In fact, the last electric Mercedes I drove was the AMG EQE SUV. And I thought that if the question is, “What is an electric AMG, exactly?”, then that car’s answer is “We don’t know yet.” Overall, Mercedes buyers really haven’t warmed to the soap-bar styling of the EQ cars, and so its EV sales have trailed rivals like BMW. 

Now, CEO Ola Källenius is telling Bloomberg that the plan is to keep building gas cars for much longer than it would’ve said a few years ago: 

The product offensive over the next two to three years will also see the S-Class maker pivot to spending more on its lucrative lineup of fuel-burning vehicles. Top-level buyers, in particular, “keep reaching for our high-tech combustion-engine cars,” Chief Executive Officer Ola Källenius said in an interview.

“We need flexibility for longer, until deep into the 2030s,” Källenius said, keeping intact the company’s goal of being carbon-neutral by 2039. “We remain committed to offering electric versions of the entire lineup this decade, but we have to ensure our combustion-engine cars remain competitive.”

The preeminent luxury-car maker has pared back electrification plans in recent months as EV demand has slowed. But Mercedes also has trailed archrival BMW AG because its lineup of electric models has put off buyers with high prices and polarizing designs. The company’s battery-vehicle sales fell 9% during the first quarter to 50,500 units, while its Munich-based competitor’s deliveries surged to 82,700 vehicles.

That isn’t to say that it’s not doing more EVs. There’s a compact electric G-Class coming, as well as the new CLA-Class, which I think will end up being a range-extender EV. But Benz’s plans may now include putting new battery plants on hold. 

90%: Germans Hit Back At Anti-China Tariffs

2025 Mini Cooper SE First Drive

We also cannot discount global political chaos in the EV market—not just the glut of elections all over the world, but ongoing tensions with China. Initially, the European Union seemed hot to trot to counter an influx of Chinese-made EVs into their market, which were poised to kneecap companies like Volkswagen and others.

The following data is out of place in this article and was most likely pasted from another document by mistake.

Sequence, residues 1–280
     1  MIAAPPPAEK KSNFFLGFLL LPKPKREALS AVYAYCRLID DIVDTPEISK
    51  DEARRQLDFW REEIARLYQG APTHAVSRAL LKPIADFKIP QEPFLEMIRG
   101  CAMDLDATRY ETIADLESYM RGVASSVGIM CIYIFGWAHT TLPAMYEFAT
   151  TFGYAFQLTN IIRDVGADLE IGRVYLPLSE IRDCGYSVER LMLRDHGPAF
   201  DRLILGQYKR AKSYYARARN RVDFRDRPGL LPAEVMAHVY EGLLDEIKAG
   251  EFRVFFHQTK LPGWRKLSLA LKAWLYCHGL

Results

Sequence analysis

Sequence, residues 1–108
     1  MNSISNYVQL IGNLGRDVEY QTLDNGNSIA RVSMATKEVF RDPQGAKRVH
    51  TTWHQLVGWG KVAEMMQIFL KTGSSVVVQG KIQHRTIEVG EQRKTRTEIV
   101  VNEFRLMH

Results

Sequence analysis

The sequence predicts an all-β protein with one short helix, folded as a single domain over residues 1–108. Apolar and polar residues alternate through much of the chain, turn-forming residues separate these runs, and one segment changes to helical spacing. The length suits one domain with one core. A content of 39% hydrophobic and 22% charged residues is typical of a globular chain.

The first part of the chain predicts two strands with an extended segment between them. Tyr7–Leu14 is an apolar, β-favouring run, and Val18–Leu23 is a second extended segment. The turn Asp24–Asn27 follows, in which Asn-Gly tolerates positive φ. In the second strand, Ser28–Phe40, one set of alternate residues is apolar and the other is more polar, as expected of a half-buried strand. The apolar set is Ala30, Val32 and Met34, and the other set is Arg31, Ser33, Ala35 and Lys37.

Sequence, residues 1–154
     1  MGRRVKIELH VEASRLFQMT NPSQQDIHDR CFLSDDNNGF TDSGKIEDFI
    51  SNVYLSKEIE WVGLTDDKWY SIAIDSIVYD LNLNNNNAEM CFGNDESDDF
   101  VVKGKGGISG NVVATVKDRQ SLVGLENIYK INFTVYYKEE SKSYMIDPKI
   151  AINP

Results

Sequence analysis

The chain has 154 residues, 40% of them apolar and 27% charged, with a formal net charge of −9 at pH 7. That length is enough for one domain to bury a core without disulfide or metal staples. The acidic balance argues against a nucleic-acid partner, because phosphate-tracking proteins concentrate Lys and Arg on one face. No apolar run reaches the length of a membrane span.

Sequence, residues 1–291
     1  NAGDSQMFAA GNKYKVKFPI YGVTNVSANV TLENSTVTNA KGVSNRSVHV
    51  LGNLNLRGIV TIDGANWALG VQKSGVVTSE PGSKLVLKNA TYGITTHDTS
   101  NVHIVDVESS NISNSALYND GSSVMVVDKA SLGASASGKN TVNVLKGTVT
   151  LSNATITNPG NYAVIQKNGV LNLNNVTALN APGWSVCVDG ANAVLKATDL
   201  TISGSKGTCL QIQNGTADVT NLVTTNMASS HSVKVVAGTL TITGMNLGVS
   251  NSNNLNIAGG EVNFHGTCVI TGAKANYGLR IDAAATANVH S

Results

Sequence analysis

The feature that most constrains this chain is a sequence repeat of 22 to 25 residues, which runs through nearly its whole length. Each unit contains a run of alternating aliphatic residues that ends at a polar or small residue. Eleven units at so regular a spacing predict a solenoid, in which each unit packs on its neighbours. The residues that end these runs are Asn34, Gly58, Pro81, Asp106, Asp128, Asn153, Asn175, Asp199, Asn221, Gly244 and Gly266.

But the EU’s member states are not united on this front, Reuters reports. Germany is especially worried about retaliatory tariffs from China and impacts on its own auto industry:

Germany has stressed the need for a negotiated solution with Beijing. Its automakers have said tariffs are the wrong approach, with the negative effects outweighing any benefits.

In a last-ditch effort to influence negotiation, its auto association on Wednesday urged Brussels to drop the tariffs.

Increasing the cost of EVs for consumers undermines the EU’s goal of being carbon-neutral by 2050, opponents say. Tesla has said it will hike prices.

Beijing’s retaliation could bring extra tariffs on EU exports of cognac, pork or luxury cars.
The Commission says duties are needed to counter cheap loans, land and raw materials and other subsidies and the goal is a level playing field, not shutting Chinese car makers out, as the United States’ planned 100% tariff is likely to do.

Seeing as how the EU tariffs’ biggest victim is the China-built but BMW-owned Mini Cooper, I think this plan could be somewhat half-baked. 

100%: How Do Automakers Sustain EV Growth?

Ford Explorer EV production start in Cologne, Germany

Cheaper models? More public charging options? More range? All of the above? There’s probably no one magic bullet here, but if you had to emphasize one thing, what would it be? 

Contact the author: patrick.george@insideevs.com